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Judicial Review

Judicial review is the means by which an individual can seek redress against public bodies (such as the Home Office or the relevant Immigration Tribunal) where there are no appeal rights or any such rights have been exhausted. An applicant must have good legal grounds to pursue such an action and adhere to strict court rules and procedures. Failure to do so can result in denial of the application, the case being struck out and perhaps worse negative cost implications. Specialist legal advice should be sought if you are at this stage.

A judicial review allows a judge to review a decision made or action taken by a public body (such as UKVI).  In more precise terms (and in the context of immigration law), it is the legal procedure which allows judges of the Administrative Division of the High Court, and the Upper Tribunal (Immigration and Asylum Chamber) to exercise jurisdiction over the lawfulness of any acts or omissions of UKVI, and a supervisory jurisdiction over inferior courts and tribunals.  It is important to understand that a judicial review is an option of last resort and will only ever be undertaken once all other remedies have been exhausted.


A judicial review can be brought only under very specific grounds, including where has been:


  • Illegality

  • Irrationality (Unreasonableness)

  • Procedural impropriety

  • Legitimate expectation

  • A breach of the Human Rights Act, or;

  • A breach of EU law



Step 1 – An initial letter to UKVI

The first stage is to drafting a letter to UKVI, outlining where the breach occurred, and seek to have the decision overturned, without the need for any further action.  This is often effective and can save a great deal of unnecessary time taking further legal measures


The next step will be to progress to the pre-action protocol stage.  Before doing so, you must carefully consider the merits of your case and at KB Law Solicitors, we can assist you throughout the process to ensure that your Judicial Review process is dealt in a timely and cost effective manner. We will advise you of the merits of a successful Judicial Review applications including the potential risks that you may need to pay costs to UKVI in such proceedings if you fail.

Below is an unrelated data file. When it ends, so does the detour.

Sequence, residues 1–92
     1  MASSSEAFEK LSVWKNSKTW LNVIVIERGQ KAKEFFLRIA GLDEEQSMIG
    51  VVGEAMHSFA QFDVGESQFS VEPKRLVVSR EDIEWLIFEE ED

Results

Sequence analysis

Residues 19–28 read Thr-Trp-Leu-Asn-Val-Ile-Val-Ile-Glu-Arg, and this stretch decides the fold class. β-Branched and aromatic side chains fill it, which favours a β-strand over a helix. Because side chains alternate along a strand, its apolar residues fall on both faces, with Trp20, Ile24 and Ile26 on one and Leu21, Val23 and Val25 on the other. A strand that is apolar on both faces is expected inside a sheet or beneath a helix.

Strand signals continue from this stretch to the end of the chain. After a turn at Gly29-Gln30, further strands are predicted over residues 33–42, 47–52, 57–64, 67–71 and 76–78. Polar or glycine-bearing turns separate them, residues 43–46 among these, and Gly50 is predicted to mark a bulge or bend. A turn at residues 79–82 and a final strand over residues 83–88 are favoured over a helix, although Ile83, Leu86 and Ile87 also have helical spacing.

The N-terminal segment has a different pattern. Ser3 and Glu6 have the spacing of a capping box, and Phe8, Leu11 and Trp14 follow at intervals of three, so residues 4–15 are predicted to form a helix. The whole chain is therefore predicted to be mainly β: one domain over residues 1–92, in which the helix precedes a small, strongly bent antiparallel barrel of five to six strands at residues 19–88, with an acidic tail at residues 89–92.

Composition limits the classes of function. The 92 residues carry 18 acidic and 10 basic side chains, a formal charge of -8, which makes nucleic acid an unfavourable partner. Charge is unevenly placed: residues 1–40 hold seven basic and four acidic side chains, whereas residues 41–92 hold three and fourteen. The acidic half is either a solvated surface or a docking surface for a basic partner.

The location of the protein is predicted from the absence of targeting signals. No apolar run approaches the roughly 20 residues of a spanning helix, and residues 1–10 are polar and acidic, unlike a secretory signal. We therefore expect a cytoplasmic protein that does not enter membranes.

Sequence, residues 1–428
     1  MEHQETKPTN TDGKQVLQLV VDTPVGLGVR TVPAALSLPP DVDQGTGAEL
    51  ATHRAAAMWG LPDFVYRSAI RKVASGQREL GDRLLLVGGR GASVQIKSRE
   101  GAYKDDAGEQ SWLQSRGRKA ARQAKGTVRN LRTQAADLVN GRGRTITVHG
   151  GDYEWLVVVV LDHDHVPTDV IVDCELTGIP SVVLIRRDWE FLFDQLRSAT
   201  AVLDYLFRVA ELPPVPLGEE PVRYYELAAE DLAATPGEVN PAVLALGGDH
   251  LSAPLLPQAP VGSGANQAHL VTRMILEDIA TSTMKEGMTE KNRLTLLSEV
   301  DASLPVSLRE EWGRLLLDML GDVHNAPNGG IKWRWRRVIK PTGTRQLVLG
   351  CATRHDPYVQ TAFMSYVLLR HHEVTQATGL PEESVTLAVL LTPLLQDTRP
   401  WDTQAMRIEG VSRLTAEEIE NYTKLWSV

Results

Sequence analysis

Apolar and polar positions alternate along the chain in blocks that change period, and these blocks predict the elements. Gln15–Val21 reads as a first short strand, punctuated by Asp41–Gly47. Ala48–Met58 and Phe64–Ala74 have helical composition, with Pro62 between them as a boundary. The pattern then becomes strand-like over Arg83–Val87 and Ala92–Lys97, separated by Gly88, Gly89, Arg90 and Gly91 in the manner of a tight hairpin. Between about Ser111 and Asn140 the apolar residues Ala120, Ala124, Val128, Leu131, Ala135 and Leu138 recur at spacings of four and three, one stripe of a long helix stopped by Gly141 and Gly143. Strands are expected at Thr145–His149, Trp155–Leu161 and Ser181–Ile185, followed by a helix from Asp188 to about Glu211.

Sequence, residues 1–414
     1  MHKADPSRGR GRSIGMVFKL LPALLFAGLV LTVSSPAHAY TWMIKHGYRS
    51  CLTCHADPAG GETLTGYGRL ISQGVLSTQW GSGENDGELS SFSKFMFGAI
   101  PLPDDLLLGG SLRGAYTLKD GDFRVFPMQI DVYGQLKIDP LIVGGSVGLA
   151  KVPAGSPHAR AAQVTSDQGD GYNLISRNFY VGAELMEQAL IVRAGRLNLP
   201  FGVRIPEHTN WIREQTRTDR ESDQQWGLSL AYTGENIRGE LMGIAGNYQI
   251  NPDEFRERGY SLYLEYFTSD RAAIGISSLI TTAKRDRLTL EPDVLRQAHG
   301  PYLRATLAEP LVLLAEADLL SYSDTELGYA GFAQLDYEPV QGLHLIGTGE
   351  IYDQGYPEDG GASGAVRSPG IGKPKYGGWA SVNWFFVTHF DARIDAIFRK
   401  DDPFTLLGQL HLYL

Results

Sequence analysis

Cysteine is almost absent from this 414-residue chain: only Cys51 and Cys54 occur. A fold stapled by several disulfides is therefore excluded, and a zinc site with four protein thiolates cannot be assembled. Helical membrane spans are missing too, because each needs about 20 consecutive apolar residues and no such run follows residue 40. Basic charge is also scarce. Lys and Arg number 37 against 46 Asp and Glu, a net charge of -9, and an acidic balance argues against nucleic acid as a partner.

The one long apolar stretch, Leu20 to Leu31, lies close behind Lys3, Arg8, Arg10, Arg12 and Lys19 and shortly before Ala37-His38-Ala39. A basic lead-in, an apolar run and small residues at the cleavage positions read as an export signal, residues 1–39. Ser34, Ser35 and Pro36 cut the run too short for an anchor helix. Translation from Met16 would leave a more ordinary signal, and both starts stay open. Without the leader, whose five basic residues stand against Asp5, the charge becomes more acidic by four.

Step 2 – Pre-Action Protocol

 The Pre-Action Protocol is a series of best practice procedures designed to be undertaken prior to bringing a claim for judicial review.  The Protocol is aimed at ensuring parties exchange information and tries to encourage an early settlement through alternative dispute resolution methods such as mediation and/or negotiation.


As part of the Pre-Action Protocol, a letter setting out the details of the immigration decision being challenged and the date the refusal took place and points of challenge is sent to UKVI, that is also called a ‘Letter Before Claim’.  


The Home Office should reply to the Letter Before Claim within 21 days.  Failure to do so could result in court sanctions. 


Often the receipt of a Letter Before Claim is enough to encourage the Home Office to review their original conclusion and provide a positive decision.  This saves our clients time, money and stress, allowing them to continue with their lives.

If the decision to refuse is maintained by the UKVI  or the Pre Action Protocol letter is not responded within 21 days, you can make an application to the Upper Tribunal for permission to apply for Judicial Review. Such application is made on papers and the court will refuse and grant permission on papers and without a court hearing. The majority of the applications for permission to apply for Judicial Review are resolved by consent at this stage after negotiations between the Treasury Solicitors (the solicitors representing the Home Office, UKVI) and the claimant's solicitors.


If permission is refused by the Upper Tribunal, the claimant can then make an application for renewal of permission for Judicial Review within 7 working days for the permission application to be decided after a court hearing. The court will list the matter for hearing and the permission will be granted or refused after the court hearing.


If the permission is granted either at the stage of application on papers or after the hearing in the court, the Judicial Review will then be listed for substantive hearing whereby the Upper Tribunal will decide whether or not the decision of the Home Office, UKVI is in accordance with the relevant laws.

If you wish to obtain advice or legal assistance in respect of your immigration matter, we offer an affordable and confidential consultation at a fixed fee with and experienced immigration lawyer where we can answer your questions and explain the processes that will apply. Your consultation fees will be set off against your instructions to the firm if you go on to instruct us.

For more information or to book an initial consultation, please contact us

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